A Blockchain Property Deed

Milestone in Vermont

The Vermont city of South Burlington has become a trendsetter in blockchain deed recording. Looking at the South Burlington test run, we can see that a deed on the blockchain doesn’t look like some futuristic metaverse creation. (Scroll here for a look at the deed.) Instead, it resembles your typical property deed. The only unusual aspect you’ll find is some computer code, by which anyone can locate the instrument on the Ethereum blockchain.

As normal as it seems, its existence is a milestone. At its early stages, South Burlington city clerk Donna Kinville described the pilot recording project:

I will tell you this one transaction has generated a lot of phone calls from all over the country and Montreal, mostly from various tech magazines but also one of Virginia’s county recorders, attorneys, title insurers, and interested citizens.

Vermont was a blockchain-curious state even before the cryptocurrency boom of 2017, when many people gained an interest in its technology. And deed recording is an oft-mentioned use case for blockchain. South Burlington’s interest is tentative, yet in keeping with Vermont’s innovative spirit.

What’s Been Happening in the City Clerk’s Office? How Vermont Is Testing the Tech

South Burlington already documents title transfers in the office of the City Clerk. The point of the pilot project is to find out if the normal process can be improved for the public benefit.

The pilot’s timeline goes something like this. Someone transfers a normal title, and the South Burlington City Clerk’s office accepts a paper deed for recording. The only unusual aspect is the computer code, signifying its recording on the blockchain ledger.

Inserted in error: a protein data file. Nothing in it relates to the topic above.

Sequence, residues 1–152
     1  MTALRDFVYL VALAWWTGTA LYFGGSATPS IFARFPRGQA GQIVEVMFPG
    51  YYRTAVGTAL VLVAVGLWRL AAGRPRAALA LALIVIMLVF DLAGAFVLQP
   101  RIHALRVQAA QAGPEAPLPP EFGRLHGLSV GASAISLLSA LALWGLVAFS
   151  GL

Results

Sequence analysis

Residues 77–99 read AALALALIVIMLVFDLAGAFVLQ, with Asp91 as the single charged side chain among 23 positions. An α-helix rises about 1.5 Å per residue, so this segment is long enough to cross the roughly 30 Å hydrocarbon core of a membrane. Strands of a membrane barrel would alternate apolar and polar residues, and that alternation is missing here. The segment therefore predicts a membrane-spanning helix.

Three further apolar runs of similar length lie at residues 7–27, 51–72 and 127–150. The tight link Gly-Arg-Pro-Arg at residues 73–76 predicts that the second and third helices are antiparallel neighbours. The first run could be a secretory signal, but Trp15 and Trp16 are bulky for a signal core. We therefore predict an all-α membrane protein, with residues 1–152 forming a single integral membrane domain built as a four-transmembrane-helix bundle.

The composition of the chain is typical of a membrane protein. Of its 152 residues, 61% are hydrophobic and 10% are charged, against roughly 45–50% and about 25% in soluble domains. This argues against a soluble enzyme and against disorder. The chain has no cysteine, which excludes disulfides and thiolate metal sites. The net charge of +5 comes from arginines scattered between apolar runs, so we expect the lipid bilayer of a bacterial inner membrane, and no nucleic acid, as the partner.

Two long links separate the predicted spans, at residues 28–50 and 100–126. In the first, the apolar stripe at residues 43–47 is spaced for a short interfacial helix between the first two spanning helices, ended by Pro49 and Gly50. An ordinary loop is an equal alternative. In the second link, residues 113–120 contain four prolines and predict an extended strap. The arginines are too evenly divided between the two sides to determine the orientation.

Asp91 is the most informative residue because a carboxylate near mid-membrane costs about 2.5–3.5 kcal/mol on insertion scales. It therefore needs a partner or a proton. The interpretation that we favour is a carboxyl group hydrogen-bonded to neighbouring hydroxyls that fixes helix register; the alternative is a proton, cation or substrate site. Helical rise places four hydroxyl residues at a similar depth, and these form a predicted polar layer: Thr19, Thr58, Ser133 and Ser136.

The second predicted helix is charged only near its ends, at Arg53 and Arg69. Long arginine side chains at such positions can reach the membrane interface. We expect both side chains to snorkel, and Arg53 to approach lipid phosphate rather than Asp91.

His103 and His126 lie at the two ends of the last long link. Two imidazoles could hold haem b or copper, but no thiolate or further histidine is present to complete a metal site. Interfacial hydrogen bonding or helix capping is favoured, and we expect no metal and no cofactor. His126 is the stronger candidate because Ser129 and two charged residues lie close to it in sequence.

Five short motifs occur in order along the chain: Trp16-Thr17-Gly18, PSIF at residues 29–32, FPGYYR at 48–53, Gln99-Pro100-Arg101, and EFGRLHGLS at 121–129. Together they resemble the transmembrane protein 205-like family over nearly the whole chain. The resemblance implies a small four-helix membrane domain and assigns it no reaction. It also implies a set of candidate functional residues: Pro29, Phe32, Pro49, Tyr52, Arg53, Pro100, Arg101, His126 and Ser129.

Blockchain’s ledger system can record data from any kind of instrument a government might use.  Therefore, South Burlington’s milestone deed was handled as any plain vanilla deed would be. The City Clerk’s office did not need to apply any special processing. A company named Propy, with its proprietary software, handled the blockchain side of the recording.

What did Propy need to do? As part of the official process, the blockchain needed to have an entry from the City Clerk’s office showing South Burlington’s act of recording the deed, and the payment of city recording fees. This happened through Propy’s blockchain software, which the City Clerk agreed to connect to South Burlington’s title records.  

If the city decides to embrace blockchain recording as the default method, Propy’s set of software would replace the city’s existing Conduent stack.

What’s Propy All About? A Maverick Company in a Fast-Moving Sector

Propy helps remote buyers buy real estate using blockchain technology. The company’s innovative platform has handled more than $4 billion worth of blockchain-based property transactions to date.

Propy operates online, through its website and mobile app, assisting clients in property deals and the recording of transactions on the blockchain.

The CEO of Propy works with the National Association of REALTORS®, and participates in NAR’s REACH accelerator initiative.

See more at Blockchain and Cryptocurrency: NAR Dives In.

As for its work with cities and counties, what is the major question for the company’s future? It’s whether local governments can carry out blockchain recording, yet still submit the necessary paperwork to satisfy state requirements.

What’s the Verdict? Are Blockchain Deeds an Advancement?

Because it works through a digital, decentralized ledger, blockchain recording can be expected to run more efficiently than the traditional paper and postal method. This could make home buying easier.

More important is blockchain’s potential to make transactions scam-proof. As City Clerk Donna Kinzer says, every action involving the title is “etched in stone” and cannot be stealthily altered. Blockchain entries are publicly visible online from anywhere in the world.

The benefits fit well with the needs, vulnerabilities, and pain points of title transactions. It’s fair to say blockchain could transform deed records, and South Burlington’s effort is part of a bigger adoption curve.

Supporting References

Vermont Legislature: S. 269 – Donna Kinville Testimony (PDF; Mar. 28, 2018).

Ben Miller for GovTech.com: Here’s What a Blockchain Property Deed Looks Like (Apr. 07, 2022). 

Ben Miller for GovTech.com: Vermont City, Real Estate Startup Try Out Blockchain for Recording Property Transactions (undated).

And as linked.

Photo credit: Morthy Jameson, via Pexels.